Tech and the City
A few months ago, City 24×7 teamed up with the city of New York to create touchscreen neighborhood directories in phone booths across the city. Today, in partnership with Cisco, the company announced that it’s rolling out the high tech public communications systems to 250 more phone booths across the New York area.
Each phone booth is outfitted with a 32-inch touchscreen device that offers directory information, city news and alerts, transportation schedules, restaurants and maps. City 24×7 has partnered with a host of companies to bring up-to-the minute info to each booth.
“You can get your real time train alerts, best New York restaurants through Zagat, green market information through Grow NYC, theater tickets through Theater Mania,” said Tom Touchet, City 24×7’s CEO. City 24×7 has also partnered with CityMaps for hyperlocal maps for each booth, and will provide services for those who are disabled and have difficulty using a standard pay phone.
Parts of New York and New Jersey are still without power from the last major news event and yet here we are, in the throes of election day. And with cleanup efforts still ongoing, there’s really no excuse for anyone who forgets one of the lessons we just learned about the rapid speed at which misinformation courses through social media in general and Twitter in particular.
For the love of God, as you go about your day for the next several hours, please take almost everything you read on Twitter with a grain of salt. No, a barrel. Maybe an entire salt lick.
Apparently Boston wasn’t the only town a little put off by the AP’s flattering article about New York’s burgeoning tech scene. Take this response, which appeared earlier this week in the Houston Business Journal. Upon hearing about our fair city’s recent investments, the reporter couldn’t help wonder: “Does this mean Houston has more competition in terms of trying to be the next Silicon Valley?”
The Journal spoke to Brad Burke, the managing director of the Rice Alliance for Technology and Entrepreneurship, who promptly attempted to set the minds of Houston’s techie citizens at rest:
This weekend, several outlets ran an AP story about New York’s startup scene, hitting all the high points–CornellNYC, the river of VC money, the local outposts of national companies like Google and Facebook. BostInno, however, has a quibble:
Yahoo for Yahoos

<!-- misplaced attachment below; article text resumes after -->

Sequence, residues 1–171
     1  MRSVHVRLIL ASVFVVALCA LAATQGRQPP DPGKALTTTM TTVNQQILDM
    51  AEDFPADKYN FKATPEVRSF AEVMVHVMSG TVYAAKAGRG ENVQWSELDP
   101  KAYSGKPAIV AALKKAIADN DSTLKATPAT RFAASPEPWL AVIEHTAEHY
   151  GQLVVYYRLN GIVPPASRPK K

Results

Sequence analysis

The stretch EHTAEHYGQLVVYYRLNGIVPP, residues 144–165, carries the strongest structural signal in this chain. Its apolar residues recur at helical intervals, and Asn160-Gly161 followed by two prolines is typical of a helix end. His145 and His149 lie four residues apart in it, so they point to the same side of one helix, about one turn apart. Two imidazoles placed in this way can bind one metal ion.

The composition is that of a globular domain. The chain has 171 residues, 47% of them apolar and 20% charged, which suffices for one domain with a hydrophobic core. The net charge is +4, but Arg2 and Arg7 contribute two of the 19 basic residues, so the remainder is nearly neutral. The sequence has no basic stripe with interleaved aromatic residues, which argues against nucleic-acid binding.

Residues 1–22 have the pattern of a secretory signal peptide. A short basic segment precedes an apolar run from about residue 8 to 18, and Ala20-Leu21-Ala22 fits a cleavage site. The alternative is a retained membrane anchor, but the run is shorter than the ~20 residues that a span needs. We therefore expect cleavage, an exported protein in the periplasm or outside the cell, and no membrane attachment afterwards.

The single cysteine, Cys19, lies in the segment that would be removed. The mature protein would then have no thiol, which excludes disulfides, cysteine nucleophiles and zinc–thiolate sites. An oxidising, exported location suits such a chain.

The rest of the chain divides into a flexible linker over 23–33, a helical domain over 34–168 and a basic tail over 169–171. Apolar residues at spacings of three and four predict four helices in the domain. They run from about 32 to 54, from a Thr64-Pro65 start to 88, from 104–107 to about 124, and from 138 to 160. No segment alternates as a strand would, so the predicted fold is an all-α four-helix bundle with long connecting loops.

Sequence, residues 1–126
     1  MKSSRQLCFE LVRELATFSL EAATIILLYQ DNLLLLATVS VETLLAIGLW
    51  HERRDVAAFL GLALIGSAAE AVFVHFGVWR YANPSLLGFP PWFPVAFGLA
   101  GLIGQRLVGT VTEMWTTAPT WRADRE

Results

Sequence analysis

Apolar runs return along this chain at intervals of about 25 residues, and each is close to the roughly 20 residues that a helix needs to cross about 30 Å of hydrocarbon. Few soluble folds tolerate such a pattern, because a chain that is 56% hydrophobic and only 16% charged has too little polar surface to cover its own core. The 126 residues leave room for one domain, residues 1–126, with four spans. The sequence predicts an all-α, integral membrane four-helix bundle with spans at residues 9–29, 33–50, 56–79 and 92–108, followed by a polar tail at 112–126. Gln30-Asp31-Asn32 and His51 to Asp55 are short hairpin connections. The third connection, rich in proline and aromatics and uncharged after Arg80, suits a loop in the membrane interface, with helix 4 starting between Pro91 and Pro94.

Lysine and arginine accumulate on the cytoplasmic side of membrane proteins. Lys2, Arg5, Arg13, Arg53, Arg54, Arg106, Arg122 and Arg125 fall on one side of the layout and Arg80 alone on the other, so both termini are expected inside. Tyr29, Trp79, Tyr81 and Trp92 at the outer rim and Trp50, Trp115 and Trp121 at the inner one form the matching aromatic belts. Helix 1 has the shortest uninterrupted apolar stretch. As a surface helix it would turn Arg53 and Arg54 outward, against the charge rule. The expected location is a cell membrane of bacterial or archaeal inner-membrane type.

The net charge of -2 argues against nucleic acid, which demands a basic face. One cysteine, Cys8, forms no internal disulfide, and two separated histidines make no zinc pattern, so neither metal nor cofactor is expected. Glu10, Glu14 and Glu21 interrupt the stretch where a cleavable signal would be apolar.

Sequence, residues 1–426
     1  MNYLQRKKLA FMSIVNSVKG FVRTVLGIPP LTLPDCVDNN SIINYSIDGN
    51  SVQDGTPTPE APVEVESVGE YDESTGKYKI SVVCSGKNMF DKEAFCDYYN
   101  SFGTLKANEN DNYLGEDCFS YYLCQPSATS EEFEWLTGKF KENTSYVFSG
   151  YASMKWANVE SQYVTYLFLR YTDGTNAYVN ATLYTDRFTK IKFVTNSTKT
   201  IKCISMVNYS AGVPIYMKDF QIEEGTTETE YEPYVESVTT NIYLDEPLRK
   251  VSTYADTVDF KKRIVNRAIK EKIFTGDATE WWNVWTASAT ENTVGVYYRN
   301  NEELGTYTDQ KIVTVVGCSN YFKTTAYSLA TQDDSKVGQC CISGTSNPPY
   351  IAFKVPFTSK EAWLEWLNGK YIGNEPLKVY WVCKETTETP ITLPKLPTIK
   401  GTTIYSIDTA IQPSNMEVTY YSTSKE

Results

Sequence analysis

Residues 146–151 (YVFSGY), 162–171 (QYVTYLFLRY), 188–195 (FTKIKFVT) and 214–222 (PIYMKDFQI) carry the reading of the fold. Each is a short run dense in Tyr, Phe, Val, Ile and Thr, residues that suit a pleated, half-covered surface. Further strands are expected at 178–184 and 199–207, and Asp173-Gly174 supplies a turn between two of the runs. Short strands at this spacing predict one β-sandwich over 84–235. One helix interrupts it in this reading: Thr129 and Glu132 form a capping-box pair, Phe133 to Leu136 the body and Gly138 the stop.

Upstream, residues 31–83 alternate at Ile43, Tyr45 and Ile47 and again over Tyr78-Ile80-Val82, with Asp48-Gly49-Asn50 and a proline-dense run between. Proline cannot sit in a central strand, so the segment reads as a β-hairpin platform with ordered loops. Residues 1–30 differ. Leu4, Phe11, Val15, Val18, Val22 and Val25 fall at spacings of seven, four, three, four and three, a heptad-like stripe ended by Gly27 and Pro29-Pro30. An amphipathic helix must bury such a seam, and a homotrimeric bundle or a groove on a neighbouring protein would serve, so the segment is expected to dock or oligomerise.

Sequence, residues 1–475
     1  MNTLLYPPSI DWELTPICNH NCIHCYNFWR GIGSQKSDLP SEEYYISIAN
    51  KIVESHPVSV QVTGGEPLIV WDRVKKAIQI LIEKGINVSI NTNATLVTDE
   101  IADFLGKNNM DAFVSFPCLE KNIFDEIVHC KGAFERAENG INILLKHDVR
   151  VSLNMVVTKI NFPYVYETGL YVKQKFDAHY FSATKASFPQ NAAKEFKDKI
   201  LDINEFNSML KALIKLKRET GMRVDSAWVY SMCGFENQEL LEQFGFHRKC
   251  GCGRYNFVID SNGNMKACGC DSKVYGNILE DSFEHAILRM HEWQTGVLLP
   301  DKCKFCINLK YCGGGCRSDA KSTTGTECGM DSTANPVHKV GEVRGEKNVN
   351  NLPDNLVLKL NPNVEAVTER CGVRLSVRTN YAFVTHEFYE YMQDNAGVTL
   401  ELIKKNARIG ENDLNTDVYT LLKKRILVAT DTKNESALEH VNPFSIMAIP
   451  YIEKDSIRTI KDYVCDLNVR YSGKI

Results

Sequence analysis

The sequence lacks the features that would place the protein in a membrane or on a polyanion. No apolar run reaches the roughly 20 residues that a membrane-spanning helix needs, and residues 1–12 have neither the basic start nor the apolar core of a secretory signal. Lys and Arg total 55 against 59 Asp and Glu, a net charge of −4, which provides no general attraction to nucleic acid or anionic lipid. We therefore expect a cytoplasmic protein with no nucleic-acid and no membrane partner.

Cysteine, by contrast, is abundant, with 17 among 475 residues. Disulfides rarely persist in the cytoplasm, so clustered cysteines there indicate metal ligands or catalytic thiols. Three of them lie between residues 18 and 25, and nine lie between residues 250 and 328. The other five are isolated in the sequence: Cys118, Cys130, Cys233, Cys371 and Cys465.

It’s that time again: CB Insights has released its quarterly VC report. The money’s still big, though with a focus on seed deals. Quarter three closed with 835 deals totaling $7.5 billion invested. But CB Insights is quick to dispel any bubble talk, pointing out that unless Q4 brings $9.2 billion in funding, 2012 will show an overall drop in VC investments.
Marissa Mayer has long been a familiar name in the tech world. But with her ascendence to the role of Yahoo CEO, she’s become one of the most visible people in business, period. That means it’s time for a flurry of profiles digging into every facet of her personality, from her geek bona fides to her there-is-no-such-thing-as-burnout work ethic.
Stepping up to the plate this week: New York, with a long, thorough look at whether Ms. Mayer–who’s long stayed a little aloof from the “women-in-tech” fray–can quote-unquote “have it all.” (Tl;dr answer: We’ll see!)
Any self-respecting New Yorker can effortlessly call to mind a host of complaints about the subway system, that dingy portal between work and home that we grudgingly wade into day in and day out. While the train certainly gets you from points A to B faster and cheaper than a cab, rat-infested stations, painfully long wait times and people who decide to pee and then take a shower in the middle of the car can add up to a pretty unpleasant riding experience. Not to mention all those fare hikes.
Still, the MTA–an institution as beloved as ConEd or even Time Warner–is doing its best to make hurdling through that century-old series of tubes worth your $2.25. And for its next act, the MTA has begun to install “high-tech Help Point intercoms” in stations around the city.
Apple is reportedly attempting to poach members of the Google Maps team. You know what they say: If you can’t beat ‘em, steal ‘em. [TechCrunch]
The latest boat lifted by the rising tide of the New York tech boom: accounting firms. [Crain’s New York]
Apparently NYPD officers were stationed outside Apple’s Fifth Avenue flagship, asking new iPhone 5 owners to register their serial numbers in case of theft. [Yahoo]
Meanwhile, in New Zealand: A court has ordered an investigation into whether Kim Dotcom was the victim of “unlawful spying.” [BBC News]
Internet Wants to Be Free
Ever hop and a cab to get from A to B and feel like it ended up costing way more than it actually should have? Perhaps your driver is surreptitiously tacking on unfair charges to your bill, hoping you’re too stupid to notice. Luckily, that’s where the new taxi tvs come in.
Aside from running rah-rah programming about how many tech companies are hiring and that annoying On the Stoop show, some taxi TVs can now alert you to fare changes and additional charges your cabbie has added on.
These days, newspapers will seemingly stop at nothing to boost their bottom line. Those Weekender ads are notoriously obnoxious, and we’re getting awfully tired of deleting the identification key at the end of a New York Times URL to get around the paywall. But the Wall Street Journal has finally devised a marketing scheme that we can get behind: instituting free wifi throughout our fine city (oh, and in San Francisco).